This is another pathway the body uses when under chronic stress.
The Thyroid function is to boost metabolism and raise body temperature.
Thyroid Hormones (T3 & T4), increase metabolic rate, the rate of oxygen consumption under standard conditions (awake, at rest, and fasting), by stimulating the use of cellular oxygen to produce ATP (the energy currency of the body). When metabolic rate increases, the cellular metabolism of (macronutrients) Carbohydrates, Lipids and of Proteins increases, so that they can be used as fuel; reducing blood cholesterol level). As body cells produce and use more ATP, more heat is given off, and body temperature rises. In this way, thyroid hormones are therefore vital in maintaining normal body temperature.
Any dysfunction in the production of the hormones, transportation in the blood (requires carrier protein), or to cell receptors sites, can all affect the body’s response to Thyroid Hormones.
Reverse T3 (rT3) is primarily produced from the breakdown of T4 in the peripheral tissues. Physical, mental and environmental stresses can inhibit the enzyme in charge of making T3 from T4, causing less T4 to be converted to T3, thus decreasing the amount of active thyroid hormone available to the cells. More T4 is then shunted towards rT3 causing an elevation in rT3.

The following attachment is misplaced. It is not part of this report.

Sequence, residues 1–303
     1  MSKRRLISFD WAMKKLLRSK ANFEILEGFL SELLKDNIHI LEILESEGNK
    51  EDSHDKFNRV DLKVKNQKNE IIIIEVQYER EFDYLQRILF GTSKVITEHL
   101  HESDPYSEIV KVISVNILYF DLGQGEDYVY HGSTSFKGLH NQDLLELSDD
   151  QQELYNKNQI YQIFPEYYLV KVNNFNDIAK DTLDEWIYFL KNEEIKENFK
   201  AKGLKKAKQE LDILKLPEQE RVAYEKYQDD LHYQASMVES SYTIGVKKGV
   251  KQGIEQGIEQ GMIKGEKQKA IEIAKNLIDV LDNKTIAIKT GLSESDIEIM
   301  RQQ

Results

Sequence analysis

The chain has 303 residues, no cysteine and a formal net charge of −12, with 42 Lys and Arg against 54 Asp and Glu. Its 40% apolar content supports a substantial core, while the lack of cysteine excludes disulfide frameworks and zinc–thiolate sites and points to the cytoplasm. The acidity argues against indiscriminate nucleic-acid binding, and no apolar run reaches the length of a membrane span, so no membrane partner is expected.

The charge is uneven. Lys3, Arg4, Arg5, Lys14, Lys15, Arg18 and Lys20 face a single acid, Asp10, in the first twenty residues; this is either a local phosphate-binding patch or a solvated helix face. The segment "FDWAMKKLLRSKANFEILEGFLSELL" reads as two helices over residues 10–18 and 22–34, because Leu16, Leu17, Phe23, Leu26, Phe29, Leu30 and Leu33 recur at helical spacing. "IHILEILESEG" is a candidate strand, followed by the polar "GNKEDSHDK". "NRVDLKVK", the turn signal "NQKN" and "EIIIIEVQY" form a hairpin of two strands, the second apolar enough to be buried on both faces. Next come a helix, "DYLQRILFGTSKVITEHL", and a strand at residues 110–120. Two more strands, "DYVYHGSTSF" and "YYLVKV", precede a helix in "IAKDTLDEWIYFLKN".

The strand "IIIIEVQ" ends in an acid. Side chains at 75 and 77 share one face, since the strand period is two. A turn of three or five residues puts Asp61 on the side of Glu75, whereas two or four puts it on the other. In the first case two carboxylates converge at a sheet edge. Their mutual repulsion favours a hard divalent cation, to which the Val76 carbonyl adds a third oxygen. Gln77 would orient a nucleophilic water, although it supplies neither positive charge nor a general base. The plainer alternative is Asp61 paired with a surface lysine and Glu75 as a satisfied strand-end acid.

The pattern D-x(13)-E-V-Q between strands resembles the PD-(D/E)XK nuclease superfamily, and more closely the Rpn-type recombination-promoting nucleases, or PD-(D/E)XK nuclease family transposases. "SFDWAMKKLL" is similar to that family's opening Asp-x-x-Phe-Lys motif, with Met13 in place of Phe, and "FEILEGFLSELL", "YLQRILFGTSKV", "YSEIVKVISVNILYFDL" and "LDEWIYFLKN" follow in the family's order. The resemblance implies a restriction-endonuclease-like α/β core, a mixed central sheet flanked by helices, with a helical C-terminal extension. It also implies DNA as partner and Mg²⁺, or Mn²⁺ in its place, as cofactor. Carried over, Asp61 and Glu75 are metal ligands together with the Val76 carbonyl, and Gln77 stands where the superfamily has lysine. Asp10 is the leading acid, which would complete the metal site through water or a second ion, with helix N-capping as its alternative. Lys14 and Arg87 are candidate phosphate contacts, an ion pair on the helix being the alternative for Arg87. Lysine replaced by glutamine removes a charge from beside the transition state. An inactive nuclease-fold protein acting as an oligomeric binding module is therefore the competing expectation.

When a person produces excessive levels of rT3 they will usually present with hypothyroid symptoms, including cognitive impairment (poor memory/concentration), complete lack of energy/dizziness, low mood, anxiety and depression, in turn, this pushes the brain to send repetitive messages to the thyroid to produce more and more hormones… Until, finally disease (e.g. Hypothyroidism) occurs; the Thyroid completely exhausted.
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